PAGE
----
• One of the most outstanding and bold moves by the government is that the gig economy—that currently employs three million workers and witnesses an estimated 56% of new employment generation—has been brought under the scope of labor welfare legislations. Social security benefits will extend to gig and platform workers, such as Uber drivers and Zomato delivery agents. As a result, minimum wages will apply to all categories of workers, and they will all be covered by the Employees State Insurance Corporation. So far, workers escaped the safety net as they do not fall into a standard employer-employee relationship. The government will launch a portal for gig, building and construction workers.
What more is needed? While the steps proposed by the government in the Union Budget 2021 reflect its resolve to strengthen the digital economy, additional steps are needed to harness opportunities and challenges posed by the digital economy to bolster welfare. One such step could be to create an exclusive incentive-based mechanism for businesses that employ data-driven technology. In the past, the government had allocated INR 1.97 lakh crores, over five years starting 2021-22, as part of Production Linked Incentive (PLI) Scheme to ensure that India’s manufacturing sector becomes an integral part of global supply chains, possess core competence and cutting-edge technology. Similar steps can be taken for the digital economy. There have been international precedents in this regard. The European Commission will create a €1.5 billion network to support a green and digital transformation. As part of this initiative, the European Digital Innovation Hubs will be created as one-stop-shop where companies and public sector organisations can access and test digital innovations, gain the required digital skills, get advice on financing support and ultimately accomplish their digital transformation in the context of the twin green and digital transition which is at the core of European industrial policy. These Hubs will play a central role in the Digital Europe Programme to stimulate the broad uptake of Artificial Intelligence, High Performance Computing (HPC) and Cybersecurity tools as well as other digital technologies by industry (in particular SMEs and midcaps) and public sector organisations. Another step could be to understand the technological features of digital markets that may push a particular digital market towards monopoly and thus eventually stifle welfare. In general, the government understands the detriments that monopoly brings and acknowledges it in the Budget in the context of the power sector. The distribution companies across the country, despite the reforms, are either government or private monopolies. Thus, the government plans to provide choice to consumers by promoting competition. The government, therefore, feels the need to create a framework to give consumers alternatives to choose from among more than one Distribution Company. The government should take similar legal and regulatory steps to keep the digital markets free and contestable, much like other prominent data markets have done.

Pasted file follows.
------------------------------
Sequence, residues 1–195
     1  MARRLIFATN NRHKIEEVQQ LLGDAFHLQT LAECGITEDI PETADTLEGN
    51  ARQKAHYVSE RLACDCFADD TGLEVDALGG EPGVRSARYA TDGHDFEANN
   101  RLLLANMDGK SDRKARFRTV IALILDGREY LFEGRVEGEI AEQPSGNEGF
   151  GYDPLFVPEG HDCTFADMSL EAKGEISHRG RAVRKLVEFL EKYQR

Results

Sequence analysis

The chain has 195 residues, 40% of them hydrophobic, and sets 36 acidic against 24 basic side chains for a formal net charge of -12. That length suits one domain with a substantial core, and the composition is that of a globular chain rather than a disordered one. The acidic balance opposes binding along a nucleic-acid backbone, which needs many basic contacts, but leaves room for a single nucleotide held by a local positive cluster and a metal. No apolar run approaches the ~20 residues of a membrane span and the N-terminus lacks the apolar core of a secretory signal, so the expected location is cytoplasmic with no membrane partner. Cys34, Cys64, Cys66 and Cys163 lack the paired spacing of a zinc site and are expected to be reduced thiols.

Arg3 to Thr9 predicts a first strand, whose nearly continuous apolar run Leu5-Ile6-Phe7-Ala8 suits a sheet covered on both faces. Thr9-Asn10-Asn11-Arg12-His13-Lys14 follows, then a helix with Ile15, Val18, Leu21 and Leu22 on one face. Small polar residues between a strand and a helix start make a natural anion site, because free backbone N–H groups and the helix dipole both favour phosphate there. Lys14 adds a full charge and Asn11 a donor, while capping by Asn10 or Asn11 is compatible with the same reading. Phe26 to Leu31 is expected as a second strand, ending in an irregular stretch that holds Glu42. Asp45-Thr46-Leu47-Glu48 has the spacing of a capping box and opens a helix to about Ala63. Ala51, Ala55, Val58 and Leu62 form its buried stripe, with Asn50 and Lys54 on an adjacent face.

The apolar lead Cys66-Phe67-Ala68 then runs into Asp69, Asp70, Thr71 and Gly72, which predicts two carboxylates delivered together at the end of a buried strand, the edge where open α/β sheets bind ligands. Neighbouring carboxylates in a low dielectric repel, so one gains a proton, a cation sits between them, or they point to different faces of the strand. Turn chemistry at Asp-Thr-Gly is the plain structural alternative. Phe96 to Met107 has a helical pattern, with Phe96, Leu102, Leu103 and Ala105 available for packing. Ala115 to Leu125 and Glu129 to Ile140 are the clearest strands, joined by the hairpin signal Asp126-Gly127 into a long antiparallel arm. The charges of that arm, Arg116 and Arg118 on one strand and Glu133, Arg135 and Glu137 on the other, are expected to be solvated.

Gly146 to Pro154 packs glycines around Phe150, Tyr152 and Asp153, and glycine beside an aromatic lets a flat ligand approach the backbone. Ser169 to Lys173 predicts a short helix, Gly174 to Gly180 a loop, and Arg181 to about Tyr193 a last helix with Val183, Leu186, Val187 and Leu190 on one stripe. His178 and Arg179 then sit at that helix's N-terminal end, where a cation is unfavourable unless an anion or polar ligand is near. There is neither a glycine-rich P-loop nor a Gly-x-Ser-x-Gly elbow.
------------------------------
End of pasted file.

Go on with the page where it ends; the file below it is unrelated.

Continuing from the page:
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Vikas Kathuria

Vikas Kathuria

Vikas Kathuria was Fellow at ORF. He researches and writes on tech policy and competition law.